The Shining

Stanley Kubrick hailed The Shining as 'the scariest horror film of all time' before its release in 1980. Though the film opened to poor reviews, it has since become one of the most admired horror films in cinema history. Exerting an enormous influence on popular culture, The Shining has spawned a vast array of interpretations and conspiracy theories.

Roger Luckhurst's illuminating study of this seminal film explores its themes, tropes and resonances through a detailed analysis of sequences and performances. Situating The Shining in a series of fresh contexts, this book looks at the complex nature of horror cinema at the end of the 1970s and early 80s. Taking the maze of the haunted hotel as a key motif, Luckhurst offers numerous threads with which to navigate the strange twists and turns of this enigmatic film.

Nosferatu

F. W. Murnau's Nosferatu (1922), the first screen adaptation of Bram Stoker's Dracula, remains a potent and disturbing horror film. One of the outstanding documents of Weimar culture's dark side, the film's prevailing themes of human destructiveness, insanity, and moral and physical pollution had a stinging topicality for contemporary audiences.

Kevin Jackson's illuminating study traces Nosferatu's production and reception history, including attempts by Stoker's widow to suppress the film's circulation. Exploring the evolution of the vampire myth, both in the film and in wider culture, Jackson exposes how and why this film of horror and death remains enduringly beautiful and chilling today.

The Exorcist

Inspired by an alleged real case of demonic possession in 1949, "The Exorcist" became an international phenomenon. A blockbusting adaptation of a best-selling novel, it was praised as deeply spiritual by the Catholic Church while being picketed by the Festival of Light and branded satanic by the evangelist Billy Graham. Banned on video in the UK for fifteen years, the film still retains an extraordinary power to shock and startle. The second edition of Mark Kermode's "Exorcist" volume has now been updated and expanded; its publication completes a journey of discovery begun by the author in 1997.The new edition documents the deletion and recovery of key scenes that have now been re-integrated into the film to create "The Exorcist: The Version You've Never Seen". Candid interviews with director William Friedkin and writer/producer William Peter Blatty reveal the behind-the-scenes battles which took place during the production. In addition, exclusive stills reveal the truth about the legendary subliminal images allegedly lurking within the celluloid.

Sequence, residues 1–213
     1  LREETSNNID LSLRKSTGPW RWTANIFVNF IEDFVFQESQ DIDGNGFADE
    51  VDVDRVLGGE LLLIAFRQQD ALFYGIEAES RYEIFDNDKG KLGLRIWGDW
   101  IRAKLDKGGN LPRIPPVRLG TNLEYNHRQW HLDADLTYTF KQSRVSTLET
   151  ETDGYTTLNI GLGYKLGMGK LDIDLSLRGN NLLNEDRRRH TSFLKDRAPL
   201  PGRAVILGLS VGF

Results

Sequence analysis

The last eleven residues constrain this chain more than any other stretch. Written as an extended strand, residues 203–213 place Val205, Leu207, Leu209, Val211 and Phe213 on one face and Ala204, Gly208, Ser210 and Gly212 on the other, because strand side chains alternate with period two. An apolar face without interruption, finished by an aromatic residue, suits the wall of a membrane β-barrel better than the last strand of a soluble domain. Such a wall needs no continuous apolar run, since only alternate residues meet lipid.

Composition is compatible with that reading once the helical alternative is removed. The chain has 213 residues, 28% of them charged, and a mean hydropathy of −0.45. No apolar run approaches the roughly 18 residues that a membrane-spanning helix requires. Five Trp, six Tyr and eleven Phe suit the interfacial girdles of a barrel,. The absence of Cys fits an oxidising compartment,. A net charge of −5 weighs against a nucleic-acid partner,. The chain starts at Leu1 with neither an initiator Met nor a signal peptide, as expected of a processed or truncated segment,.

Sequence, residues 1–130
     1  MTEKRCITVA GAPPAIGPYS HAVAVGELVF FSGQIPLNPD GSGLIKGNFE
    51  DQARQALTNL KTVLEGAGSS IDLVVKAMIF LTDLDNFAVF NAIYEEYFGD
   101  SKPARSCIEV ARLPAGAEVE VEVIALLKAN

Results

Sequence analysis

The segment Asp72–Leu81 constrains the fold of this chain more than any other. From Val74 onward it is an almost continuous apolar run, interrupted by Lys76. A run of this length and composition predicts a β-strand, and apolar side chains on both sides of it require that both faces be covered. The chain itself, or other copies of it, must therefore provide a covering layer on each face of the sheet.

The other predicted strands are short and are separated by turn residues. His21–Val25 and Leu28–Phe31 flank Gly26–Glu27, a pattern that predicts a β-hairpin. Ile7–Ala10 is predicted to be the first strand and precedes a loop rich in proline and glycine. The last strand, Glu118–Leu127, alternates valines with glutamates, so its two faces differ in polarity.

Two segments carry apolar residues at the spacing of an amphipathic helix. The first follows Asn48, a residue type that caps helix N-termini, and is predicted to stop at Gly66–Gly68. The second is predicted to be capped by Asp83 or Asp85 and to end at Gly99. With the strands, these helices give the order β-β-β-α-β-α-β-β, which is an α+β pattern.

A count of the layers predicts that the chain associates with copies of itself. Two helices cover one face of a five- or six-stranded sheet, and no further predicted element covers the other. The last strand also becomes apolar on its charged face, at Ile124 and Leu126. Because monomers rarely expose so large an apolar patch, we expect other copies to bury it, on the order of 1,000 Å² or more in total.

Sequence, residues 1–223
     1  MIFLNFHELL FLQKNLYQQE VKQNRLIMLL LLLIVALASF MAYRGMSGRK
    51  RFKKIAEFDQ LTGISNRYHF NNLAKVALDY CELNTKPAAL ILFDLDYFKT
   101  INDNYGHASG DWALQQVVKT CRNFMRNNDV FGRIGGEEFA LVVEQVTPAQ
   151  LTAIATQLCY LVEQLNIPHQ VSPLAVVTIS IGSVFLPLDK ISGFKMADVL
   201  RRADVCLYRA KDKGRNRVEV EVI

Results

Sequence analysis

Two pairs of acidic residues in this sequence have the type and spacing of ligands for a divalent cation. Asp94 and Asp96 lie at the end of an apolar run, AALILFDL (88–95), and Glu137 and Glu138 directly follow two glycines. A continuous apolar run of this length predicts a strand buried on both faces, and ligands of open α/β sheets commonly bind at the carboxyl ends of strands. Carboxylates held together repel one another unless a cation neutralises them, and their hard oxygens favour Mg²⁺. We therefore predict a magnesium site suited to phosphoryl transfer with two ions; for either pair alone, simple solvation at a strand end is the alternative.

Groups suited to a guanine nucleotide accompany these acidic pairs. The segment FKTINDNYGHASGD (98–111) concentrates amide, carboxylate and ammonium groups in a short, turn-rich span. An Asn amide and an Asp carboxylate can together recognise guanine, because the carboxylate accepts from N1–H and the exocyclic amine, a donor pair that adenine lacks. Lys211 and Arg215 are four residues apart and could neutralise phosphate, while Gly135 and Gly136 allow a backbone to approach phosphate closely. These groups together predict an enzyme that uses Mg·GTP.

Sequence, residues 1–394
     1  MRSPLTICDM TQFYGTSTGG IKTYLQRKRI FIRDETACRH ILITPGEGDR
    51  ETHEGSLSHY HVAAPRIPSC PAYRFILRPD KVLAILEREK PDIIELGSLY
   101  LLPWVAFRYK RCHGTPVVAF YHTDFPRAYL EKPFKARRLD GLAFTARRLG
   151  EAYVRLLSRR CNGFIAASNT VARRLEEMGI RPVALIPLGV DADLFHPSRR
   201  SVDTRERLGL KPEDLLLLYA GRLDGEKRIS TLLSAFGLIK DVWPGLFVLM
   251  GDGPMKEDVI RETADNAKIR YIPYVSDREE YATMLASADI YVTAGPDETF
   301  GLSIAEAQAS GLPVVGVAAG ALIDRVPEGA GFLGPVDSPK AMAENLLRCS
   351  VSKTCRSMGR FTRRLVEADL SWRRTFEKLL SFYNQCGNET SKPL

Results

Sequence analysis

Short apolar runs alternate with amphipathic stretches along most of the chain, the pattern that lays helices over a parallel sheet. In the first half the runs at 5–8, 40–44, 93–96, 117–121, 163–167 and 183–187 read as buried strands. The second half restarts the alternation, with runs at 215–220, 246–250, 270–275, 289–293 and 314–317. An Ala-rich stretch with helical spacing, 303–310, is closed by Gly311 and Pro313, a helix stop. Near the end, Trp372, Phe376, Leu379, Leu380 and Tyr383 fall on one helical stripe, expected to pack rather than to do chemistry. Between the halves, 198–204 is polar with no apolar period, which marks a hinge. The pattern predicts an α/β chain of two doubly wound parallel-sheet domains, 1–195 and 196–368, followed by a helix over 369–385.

Don't Look Now

Don't Look Now, released in 1973, confirmed director Nicolas Roeg as one of the most stylish and innovative British directors of the postwar period. Adapted from a short story by Daphne du Maurier, it is both a complex study of how people come to terms with grief and a chilling tale of murder set among the canals and churches of Venice. Featuring telling performances by Julie Christie and Donald Sutherland as the couple whose daughter has tragically died, Don't Look Now depicts the way in which the macabre and the everyday are intertwined.

In his lucid, subtle account, Mark Sanderson describes the collaboration between director and actors that sustained the film's emotional richness. He returns to du Maurier's original text and to the traditions of Gothic writing that underpin Don't Look Now's combination of horror, melodrama and black comedy. Sanderson examines the film's intricate visual style, uncovering the way in which particular motifs are used to amplify its depiction of two terrible deaths. He finds compensation for the film's grimly fatalistic view of life in its celebration of sexual relationships and the power of recollection. The book includes an exclusive and in-depth interview with Roeg as well as rare and unpublished comments from Christie.